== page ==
I’m better now. I’m a version of me again – one I sort of recognize and occasionally don’t. I lost a year of mobility and engagement with the world. These days, my body is a cranky participant in my efforts to get a bit stronger – thinking it prefers being sedentary to the aches and strain of movement (honestly, I can’t even call it exercise – it’s more like wishful thinking with a beat). But, I can tell you that the return to normalcy is greeted each day with an emotional ‘thank you’, even if my body and I occasionally disagree. There are no more hospital beds, occupational therapy tools and elevated seats. I can put on my own socks thank you very much. I can engage in the most mundane activities – driving, food shopping, laundry – and I think each is pretty damn fantastic. Musing over the monotonous with a significant amount of delight.
And yes, there’s also some fear – fear of a recurrence (the autoimmune world is at best dystopian, at worst just plain freaky), an awareness of how much I am unaware of – I could explain the list, though I don’t think I need to.
So, I’m going to re-enter the community and see how we do. The musings won’t be this intense – they weren’t before and life doesn’t ask that of me now. I’m just going to keep my eyes open and my heart full – and we’ll see what happens next. Thank you for stopping by – see you soon.
My dear friend,
We exchanged emails last night – and now I’m without adequate words. This post will not do anything justice, and yet…I feel like there’s so much I want to say.
I’m sitting in my little office, surrounded by pictures of my family – parents who I miss daily, Andy, my boys who are now men, daughters-in-law, granddaughters. This is where I feel most comforted, most bewildered, most loved. I have one of your photographs framed here too. An abundance, truly. It can make my heart hurt. I whisper “thank you, thank you” throughout the day. I can think of no better mantra.
We’ve never met, yet I feel like we’ve known each other for years. How do I console you when I am literally across the ocean? How do I begin to articulate to you – a man of faith and family, deep love and incredible grace – that I have an ache deep within that exists with yours. How I pray for a miracle, even though I know that you and your wife have made peace with something I am railing against. Yours is one of those once in a lifetime loves – and though I believe it transcends time, I want you both to celebrate it together forever. Petulant, I know. Selfish, I agree – for this is not about me at all.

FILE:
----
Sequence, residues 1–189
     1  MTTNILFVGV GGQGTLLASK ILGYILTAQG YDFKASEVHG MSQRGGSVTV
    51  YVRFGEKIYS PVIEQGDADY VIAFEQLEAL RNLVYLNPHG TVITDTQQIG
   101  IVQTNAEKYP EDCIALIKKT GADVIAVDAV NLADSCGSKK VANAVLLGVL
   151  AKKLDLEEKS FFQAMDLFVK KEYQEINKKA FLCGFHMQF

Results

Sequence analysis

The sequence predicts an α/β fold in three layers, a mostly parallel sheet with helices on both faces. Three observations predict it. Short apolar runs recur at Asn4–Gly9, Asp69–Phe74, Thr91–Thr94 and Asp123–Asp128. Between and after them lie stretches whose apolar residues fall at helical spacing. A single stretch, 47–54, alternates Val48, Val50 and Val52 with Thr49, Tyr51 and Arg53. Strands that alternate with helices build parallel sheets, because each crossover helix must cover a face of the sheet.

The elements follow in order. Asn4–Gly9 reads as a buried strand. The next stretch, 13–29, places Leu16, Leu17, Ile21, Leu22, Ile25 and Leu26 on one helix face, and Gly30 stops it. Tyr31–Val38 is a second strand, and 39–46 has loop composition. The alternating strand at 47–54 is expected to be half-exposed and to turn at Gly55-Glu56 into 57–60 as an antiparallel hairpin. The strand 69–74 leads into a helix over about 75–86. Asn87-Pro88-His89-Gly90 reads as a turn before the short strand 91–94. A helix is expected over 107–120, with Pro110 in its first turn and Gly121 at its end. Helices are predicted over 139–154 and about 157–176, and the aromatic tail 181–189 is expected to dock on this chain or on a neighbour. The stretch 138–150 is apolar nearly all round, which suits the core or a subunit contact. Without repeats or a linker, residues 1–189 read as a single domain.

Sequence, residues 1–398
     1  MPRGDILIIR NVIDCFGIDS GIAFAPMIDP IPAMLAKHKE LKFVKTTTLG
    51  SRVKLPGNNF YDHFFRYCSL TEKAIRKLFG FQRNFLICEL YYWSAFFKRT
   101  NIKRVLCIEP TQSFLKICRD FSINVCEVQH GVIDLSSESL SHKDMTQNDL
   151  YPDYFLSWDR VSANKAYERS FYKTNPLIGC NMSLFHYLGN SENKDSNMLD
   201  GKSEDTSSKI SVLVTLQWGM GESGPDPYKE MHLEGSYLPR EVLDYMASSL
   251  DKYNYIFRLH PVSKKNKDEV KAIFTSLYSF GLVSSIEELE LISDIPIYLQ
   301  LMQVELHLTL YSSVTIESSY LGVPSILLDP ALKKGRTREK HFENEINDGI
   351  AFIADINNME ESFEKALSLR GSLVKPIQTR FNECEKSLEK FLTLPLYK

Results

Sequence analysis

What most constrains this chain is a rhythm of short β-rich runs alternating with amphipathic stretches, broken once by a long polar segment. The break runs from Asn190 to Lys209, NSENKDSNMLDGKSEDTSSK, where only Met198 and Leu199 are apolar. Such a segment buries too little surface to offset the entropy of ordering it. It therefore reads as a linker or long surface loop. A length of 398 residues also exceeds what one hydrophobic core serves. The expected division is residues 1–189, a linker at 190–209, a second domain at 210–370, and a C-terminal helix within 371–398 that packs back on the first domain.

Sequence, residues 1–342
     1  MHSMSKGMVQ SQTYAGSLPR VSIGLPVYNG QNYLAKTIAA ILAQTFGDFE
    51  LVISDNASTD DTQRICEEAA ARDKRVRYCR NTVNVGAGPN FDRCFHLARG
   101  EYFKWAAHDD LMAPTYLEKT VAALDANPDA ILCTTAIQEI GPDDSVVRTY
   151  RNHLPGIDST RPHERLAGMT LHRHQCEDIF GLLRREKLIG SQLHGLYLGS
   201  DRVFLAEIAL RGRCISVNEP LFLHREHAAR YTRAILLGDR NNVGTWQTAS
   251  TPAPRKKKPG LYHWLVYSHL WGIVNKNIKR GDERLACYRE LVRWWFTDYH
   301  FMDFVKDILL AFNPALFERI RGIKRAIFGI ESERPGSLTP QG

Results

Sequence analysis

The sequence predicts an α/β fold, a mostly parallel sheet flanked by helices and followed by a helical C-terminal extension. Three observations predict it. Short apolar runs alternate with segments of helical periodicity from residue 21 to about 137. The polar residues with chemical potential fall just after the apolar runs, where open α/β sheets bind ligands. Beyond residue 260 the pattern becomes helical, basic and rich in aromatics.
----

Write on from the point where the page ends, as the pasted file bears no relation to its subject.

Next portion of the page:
I pause to look once more at your magical new grandson, as he is held with some distractedness by his toddler sister. Her eyes are luminous, filled with some whimsy and a little mischief. You are literally in the midst of the alpha and the omega. One struggles with this most profound of extremes. Yet, you sent me peace last night. How can that be? In your deepest sorrow, you offered me gratitude for feeling the telepathic connection that has caused us to write each other out of the blue for a few years now. How can that be?
Cherished friend, I wish you peace. I am thankful that your faith is deep and your family surrounds you. I wish your beloved wife time…time to delight in your love and the love of her children. I wish she could stay. What can I say, I’ve never been one for small wishes when it comes to those I hold so close in my heart. Needless to say, I’ll check in again soon, perhaps with better words – though that’s unlikely. What can one say when there are no words? Only these random murmurings. Much love..xx